Searing meat does not “seal in” moisture, and in fact may actually cause meat to lose moisture. Generally, the value in searing meat is that it creates a brown crust with a rich flavor via the Maillard reaction.[86][87]

All different tastes can be detected on all parts of the tongue by taste buds,[261] with slightly increased sensitivities in different locations depending on the person, contrary to the popular belief that specific tastes only correspond to specific mapped sites on the tongue.[262] The original tongue map was based on a mistranslation of a 1901 German thesis[263] by Edwin Boring. In addition, there are not 4 but 5 primary tastes. In addition to bittersoursalty, and sweet, humans have taste receptors for umami, which is a savory or meaty taste.[264][265][266]

Humans have more than the commonly cited five senses. Although definitions vary, the actual number ranges from 9 to more than 20. In addition to sightsmelltastetouch, and hearing, which were the senses identified by Aristotle, humans can sense balance and acceleration (equilibrioception), pain (nociception), body and limb position (proprioception or kinesthetic sense), and relative temperature (thermoception).[267] Other senses sometimes identified are the sense of time, itching, pressure, hunger, thirst, fullness of the stomach, need to urinate, need to defecate, and blood carbon dioxide levels.[268][269]

Toilet waste is never intentionally jettisoned from an aircraft. All waste is collected in tanks which are emptied on the ground by toilet waste vehicles.[431] Blue ice is caused by accidental leakage from the waste tank. Passenger trains, on the other hand, have historicallyflushed onto the tracks; however, modern trains usually have retention tanks on board.

(An excellent list, no? Full list here)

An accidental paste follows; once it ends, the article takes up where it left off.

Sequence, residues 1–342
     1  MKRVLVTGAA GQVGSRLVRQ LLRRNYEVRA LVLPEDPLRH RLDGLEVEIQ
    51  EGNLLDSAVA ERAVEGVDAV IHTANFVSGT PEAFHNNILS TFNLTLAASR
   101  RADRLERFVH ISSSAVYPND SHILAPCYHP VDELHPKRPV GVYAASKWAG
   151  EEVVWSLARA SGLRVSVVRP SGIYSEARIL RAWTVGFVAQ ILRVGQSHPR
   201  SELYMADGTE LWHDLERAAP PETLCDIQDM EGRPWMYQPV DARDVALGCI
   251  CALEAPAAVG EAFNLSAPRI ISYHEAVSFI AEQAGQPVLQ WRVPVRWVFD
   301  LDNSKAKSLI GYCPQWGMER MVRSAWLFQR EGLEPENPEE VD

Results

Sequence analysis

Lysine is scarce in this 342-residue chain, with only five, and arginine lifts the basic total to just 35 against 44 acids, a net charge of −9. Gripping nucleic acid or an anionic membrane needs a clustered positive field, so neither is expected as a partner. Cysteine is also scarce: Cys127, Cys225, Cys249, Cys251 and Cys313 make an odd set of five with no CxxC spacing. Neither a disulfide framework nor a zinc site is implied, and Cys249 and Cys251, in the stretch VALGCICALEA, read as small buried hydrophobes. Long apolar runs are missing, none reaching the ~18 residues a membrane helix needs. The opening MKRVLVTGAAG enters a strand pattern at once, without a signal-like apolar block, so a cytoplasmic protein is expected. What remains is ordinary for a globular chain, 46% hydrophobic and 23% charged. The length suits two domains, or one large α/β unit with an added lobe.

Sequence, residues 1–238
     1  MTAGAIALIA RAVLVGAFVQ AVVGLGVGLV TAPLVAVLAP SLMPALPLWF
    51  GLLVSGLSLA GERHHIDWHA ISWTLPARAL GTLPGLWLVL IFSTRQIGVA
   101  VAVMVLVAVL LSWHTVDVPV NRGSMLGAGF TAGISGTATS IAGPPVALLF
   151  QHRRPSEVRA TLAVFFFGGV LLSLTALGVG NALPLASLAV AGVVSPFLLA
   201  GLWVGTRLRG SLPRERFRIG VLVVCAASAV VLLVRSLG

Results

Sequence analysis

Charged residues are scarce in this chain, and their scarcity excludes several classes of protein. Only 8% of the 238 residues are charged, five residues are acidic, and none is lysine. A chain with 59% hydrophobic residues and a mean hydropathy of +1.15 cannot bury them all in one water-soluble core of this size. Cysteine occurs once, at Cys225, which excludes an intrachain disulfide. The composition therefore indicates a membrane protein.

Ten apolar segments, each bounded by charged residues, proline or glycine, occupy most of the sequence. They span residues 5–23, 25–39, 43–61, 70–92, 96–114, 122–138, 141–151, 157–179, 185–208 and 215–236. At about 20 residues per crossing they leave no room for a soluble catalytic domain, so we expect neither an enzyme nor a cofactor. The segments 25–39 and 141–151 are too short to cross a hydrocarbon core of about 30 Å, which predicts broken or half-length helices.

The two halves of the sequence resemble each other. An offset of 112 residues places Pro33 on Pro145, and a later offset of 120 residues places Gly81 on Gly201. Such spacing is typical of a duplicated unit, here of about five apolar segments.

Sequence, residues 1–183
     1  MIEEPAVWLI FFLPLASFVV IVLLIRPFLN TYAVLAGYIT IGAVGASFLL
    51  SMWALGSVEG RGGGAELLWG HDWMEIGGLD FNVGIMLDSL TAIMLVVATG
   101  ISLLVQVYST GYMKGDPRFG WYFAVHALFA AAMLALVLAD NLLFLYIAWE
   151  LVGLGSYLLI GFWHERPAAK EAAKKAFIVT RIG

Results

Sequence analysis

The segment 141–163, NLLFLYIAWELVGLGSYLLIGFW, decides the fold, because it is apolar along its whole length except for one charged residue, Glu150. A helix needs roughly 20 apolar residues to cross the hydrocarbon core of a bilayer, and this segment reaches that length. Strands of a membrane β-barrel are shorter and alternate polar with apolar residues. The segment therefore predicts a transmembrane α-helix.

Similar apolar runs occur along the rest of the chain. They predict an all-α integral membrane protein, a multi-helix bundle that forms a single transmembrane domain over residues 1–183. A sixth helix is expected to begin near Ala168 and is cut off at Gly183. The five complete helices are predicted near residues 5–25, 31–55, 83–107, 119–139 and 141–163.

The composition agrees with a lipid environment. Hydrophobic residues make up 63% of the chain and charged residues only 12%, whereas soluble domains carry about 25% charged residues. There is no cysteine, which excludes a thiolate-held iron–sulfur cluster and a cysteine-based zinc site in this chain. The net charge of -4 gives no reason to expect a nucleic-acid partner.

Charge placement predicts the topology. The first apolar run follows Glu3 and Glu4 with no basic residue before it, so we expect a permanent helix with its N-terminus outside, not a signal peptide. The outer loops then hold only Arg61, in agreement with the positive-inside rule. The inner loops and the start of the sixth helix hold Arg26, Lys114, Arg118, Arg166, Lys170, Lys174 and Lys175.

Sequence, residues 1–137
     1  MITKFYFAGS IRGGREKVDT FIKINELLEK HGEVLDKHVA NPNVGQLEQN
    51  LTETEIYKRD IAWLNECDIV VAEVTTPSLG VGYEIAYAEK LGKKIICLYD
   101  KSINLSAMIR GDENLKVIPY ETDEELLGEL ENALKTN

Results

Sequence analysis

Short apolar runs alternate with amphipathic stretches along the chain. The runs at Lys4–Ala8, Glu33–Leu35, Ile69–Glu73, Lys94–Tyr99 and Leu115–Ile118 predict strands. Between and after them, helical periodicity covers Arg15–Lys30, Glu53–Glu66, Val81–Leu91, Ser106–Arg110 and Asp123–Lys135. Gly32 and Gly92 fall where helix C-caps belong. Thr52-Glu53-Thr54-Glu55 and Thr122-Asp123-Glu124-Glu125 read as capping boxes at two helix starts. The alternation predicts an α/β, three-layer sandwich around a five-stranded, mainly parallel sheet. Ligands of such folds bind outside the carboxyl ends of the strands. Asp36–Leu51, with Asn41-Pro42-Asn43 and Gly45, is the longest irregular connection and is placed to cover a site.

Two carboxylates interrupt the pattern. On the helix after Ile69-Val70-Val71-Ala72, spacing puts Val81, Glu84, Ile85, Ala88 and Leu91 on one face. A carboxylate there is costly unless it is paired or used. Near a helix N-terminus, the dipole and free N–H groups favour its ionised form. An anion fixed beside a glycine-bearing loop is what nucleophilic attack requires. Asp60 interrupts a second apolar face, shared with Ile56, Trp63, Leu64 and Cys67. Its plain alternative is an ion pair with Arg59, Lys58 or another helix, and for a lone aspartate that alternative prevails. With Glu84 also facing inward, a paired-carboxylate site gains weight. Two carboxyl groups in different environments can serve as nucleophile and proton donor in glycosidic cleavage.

Carl, the talking piece of cardboard, has had a great idea…

…it involves doodles, a bit of tracing paper or some cheese wrap and a lot of fun. Found it on boooooooooom, one of my favourite arty sites. Such a genius idea, I love it. Was screened at Pictoplasma last year.

A small price for a smile…

“My girlfriend and I left London in September 2011 to go travelling around the world. On the way, we spent 3 weeks volunteering as English teachers in a rural Cambodian school. Whilst we were there, we decided to set the kids a challenge: to learn how to say the hardest word in English…

“Here’s how they got on.”


Support the kids at http://www.aboutasiaschools.org/donation (all donations are made securely through paypal).

Putting your hand in the Large Hadron Collider

Several physicists weigh in on what would happen if you put your hand in the proton stream of the Large Hadron Collider at CERN, whether there’s a multiverse, you know, that sort of thing.

(Via Kottke)


Sal Khan at Gel 2010

What started as algebra lessons for his cousins has turned into a world-changing project. Hundreds of thousands of users worldwide have benefited from Sal Khan’s friendly, accessible Youtube videos explaining math, science, and other subjects.

Sal has a vision of teaching the entire world, for free. His not-for-profit Khan Academy has the mission of “providing a high quality education to anyone, anywhere.” In this outstanding Gel video, Sal describes the elements of the good experience he’s trying to create.